Posted on: 08/18/23


As you age, many changes happen in your body, including your eyes. One thing that you may have noticed is a change in your near vision.

Difficulty seeing things up close, like when reading a book or a menu, is a common and often age-related complaint. This is often due to a condition called presbyopia.

Keep reading to learn what having presbyopia means!

What is Presbyopia?

Presbyopia is age-related blurry near vision. Individuals with presbyopia find it hard to focus on objects that are positioned closer to the eyes.

It’s a condition that develops so slowly you may not realize you have it at first. Presbyopia is a normal outcome of aging, much like wrinkles on your skin or joint pain when you squat or climb stairs. 

For most adults, it begins in their forties. An estimated one hundred and twenty-eight million American adults live with presbyopia.

You may experience headaches or eye strain after doing close work over a period of time. Reading can often become difficult.

What Causes Presbyopia?

Just like other organs in the body, aging affects your eyes. Presbyopia occurs when the natural lens inside your eyes becomes harder and less flexible. 

This reduced flexibility makes focusing, especially in low-light situations, that much harder. The result is that it becomes more difficult to see up close.

You’ll notice that blurriness makes it hard to read in dim light or see words on a page or computer tablet unless they’re enlarged. You may have to hold reading material at just the right spot to be able to see it clearly.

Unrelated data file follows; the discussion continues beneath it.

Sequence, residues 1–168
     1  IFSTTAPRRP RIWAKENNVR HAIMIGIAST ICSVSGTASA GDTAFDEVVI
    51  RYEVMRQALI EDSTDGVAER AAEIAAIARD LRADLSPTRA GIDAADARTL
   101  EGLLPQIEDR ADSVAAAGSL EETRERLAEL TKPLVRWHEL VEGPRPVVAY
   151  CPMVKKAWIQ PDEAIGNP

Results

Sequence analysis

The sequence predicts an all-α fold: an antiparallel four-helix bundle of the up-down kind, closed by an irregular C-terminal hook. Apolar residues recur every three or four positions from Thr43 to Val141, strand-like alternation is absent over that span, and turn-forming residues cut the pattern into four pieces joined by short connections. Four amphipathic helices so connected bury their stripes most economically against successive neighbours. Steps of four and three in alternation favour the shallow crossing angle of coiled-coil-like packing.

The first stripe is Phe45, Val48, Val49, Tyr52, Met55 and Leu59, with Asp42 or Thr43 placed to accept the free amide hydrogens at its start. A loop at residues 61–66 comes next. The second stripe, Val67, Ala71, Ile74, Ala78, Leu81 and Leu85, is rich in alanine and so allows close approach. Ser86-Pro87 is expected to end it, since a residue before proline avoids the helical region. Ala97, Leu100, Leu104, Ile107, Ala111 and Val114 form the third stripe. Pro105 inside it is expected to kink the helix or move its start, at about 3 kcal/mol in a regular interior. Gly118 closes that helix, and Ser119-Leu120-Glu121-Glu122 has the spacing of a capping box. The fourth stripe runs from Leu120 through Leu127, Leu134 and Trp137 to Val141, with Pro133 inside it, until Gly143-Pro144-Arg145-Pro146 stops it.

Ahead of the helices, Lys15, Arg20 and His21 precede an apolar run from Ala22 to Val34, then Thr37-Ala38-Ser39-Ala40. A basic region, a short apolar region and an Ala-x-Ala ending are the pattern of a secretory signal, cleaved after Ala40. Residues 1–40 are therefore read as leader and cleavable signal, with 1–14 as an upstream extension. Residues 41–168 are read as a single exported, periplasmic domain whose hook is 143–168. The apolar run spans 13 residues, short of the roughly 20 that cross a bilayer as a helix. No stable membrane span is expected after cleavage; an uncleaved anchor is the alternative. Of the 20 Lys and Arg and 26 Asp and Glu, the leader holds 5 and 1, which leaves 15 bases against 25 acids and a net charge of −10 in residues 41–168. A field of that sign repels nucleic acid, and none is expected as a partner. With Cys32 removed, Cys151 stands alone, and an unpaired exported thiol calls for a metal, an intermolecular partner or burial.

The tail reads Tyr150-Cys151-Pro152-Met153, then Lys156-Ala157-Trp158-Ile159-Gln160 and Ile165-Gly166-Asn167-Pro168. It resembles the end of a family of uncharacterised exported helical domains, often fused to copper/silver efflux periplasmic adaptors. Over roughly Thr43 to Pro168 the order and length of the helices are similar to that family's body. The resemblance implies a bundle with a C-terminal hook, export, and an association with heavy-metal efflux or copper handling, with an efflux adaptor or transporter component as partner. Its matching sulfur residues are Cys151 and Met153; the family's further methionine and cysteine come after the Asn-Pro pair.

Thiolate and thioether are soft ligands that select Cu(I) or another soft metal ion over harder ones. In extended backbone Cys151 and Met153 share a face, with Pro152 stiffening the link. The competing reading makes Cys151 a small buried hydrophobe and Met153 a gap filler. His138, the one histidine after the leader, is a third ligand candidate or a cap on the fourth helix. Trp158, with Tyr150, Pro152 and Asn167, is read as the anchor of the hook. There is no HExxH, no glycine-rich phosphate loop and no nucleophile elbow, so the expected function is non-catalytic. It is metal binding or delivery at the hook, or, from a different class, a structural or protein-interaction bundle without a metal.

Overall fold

What’s Premature Presbyopia?

Presbyopia can develop in individuals younger than forty. That condition is called premature presbyopia. 

Diseases such as diabetes, multiple sclerosis, or cardiovascular conditions can increase the risk of premature presbyopia. Certain drugs, such as antidepressants, antihistamines, and diuretics, can also increase your risk.

How is Presbyopia Diagnosed?

An eye exam that includes a refraction assessment and an evaluation of eye health can diagnose presbyopia. Using various instruments, your eye doctor at Cutarelli Vision will test your distance and close-up vision. 

You’ll be given eyedrops to dilate your pupils, which will allow your eye doctor to see inside your eyes. Since the drops will make your vision blurry and your eyes sensitive to light, make sure to bring sunglasses with you to your appointment.

How Can You Correct Presbyopia? 

Correcting your near vision is the goal of treatment so you can continue to enjoy close-up work such as reading, sewing, knitting, crocheting, needlework, model-building, or other similar activities. Corrective glasses, similar to what you’d wear to correct near-sightedness, are typically prescribed. 

Contact lenses and over-the-counter reading glasses can also correct near-vision blurriness.

Does Cataract Surgery Correct Presbyopia?

Cataract surgery replaces the cloudy aging lens of the eye with an IOL, an artificial intraocular lens, which is implanted in the eye. Many people choose a monofocal or single-focus lens.

However, this lens will allow clear distance viewing but will correct close-up vision without glasses. For those individuals who want clear distance and intermediate vision and desire functional close vision, a premium multifocal IOL can make focusing easier in all the above ranges.

Do you think you may be experiencing vision changes related to presbyopia? Schedule an appointment at Cutarelli Vision in Colorado Springs, CO, today!